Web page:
A place of quiet contemplation

I like cemeteries, especially old ones full of interesting monuments and/or family members. Cemeteries are usually quiet and pretty; they encourage us to think and they remind us of our roots.

Take this one in Clarence, Ontario, which we visited when our eldest son, now 21, was an adorable 1 1/2 year old:

Newly arrived in the North Country, we made the pilgrimage to Clarence out of curiosity. There actually is no real town there, just an old church and a few houses. Serendipity and a complete stranger led us to the cemetery one town over where most of our British/Canadian family members are buried. James is peeking out from behind the tombstone of his great, great, (many greats)…grandfather, Isaac Whitney Taylor (1791-1861), whose daughter, Louisa Taylor, after marrying a wild Frenchman, Fabian Blais, had 9 children including our great grandmother on our mother’s side, Susie Louise. She in turn married the hard-working Scottish lumberman, Daniel Cameron, who moved the family from the backwoods to bustling Burlington VT. Imagine Susie’s relief.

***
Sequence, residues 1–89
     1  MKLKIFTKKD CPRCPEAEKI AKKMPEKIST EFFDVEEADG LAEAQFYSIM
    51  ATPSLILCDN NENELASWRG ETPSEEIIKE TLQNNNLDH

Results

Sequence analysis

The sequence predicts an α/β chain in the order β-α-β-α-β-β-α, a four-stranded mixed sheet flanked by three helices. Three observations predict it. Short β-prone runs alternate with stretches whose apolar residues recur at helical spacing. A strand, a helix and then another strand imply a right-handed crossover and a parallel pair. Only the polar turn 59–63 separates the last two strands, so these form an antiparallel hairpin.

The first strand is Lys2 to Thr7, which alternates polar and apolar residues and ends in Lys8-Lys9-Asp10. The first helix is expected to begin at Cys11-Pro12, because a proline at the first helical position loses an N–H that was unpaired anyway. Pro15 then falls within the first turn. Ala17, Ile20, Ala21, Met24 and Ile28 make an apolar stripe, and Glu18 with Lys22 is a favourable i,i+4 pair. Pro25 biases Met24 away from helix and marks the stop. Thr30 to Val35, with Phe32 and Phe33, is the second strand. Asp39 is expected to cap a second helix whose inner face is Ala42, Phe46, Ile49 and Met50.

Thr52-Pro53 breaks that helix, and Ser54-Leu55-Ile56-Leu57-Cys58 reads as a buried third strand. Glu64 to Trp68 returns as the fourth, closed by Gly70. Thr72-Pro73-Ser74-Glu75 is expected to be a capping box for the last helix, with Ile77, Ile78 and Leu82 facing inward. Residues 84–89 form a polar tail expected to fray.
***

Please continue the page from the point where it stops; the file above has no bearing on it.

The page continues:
Our father’s father’s family also lived in VT and proximity has made it possible to visit the small cemetery in Moretown (between Burlington and Montpelier), where lots of them are buried. Moretown is another non-town which now has only the cemetery and a few houses. When our great, great grandfather’s family lived there, they ran an Inn for a while so it must have been a little busier. Here’s a picture of yours truly and her three little goofballs visiting the ancestors. Whatever would they have thought of the tie-dyed shirt and backwards fanny-packs? One dare not imagine.

One can visit a cemetery without indulging in the beautiful melancholy of Baudelaire, who wrote, “To the solemn graves, near a lonely cemetery, my heart like a muffled drum is beating funeral marches.” But it is nice to pay our respects to those who came before us, whether we knew them personally or not. I highly recommend a visit to your local cemetery.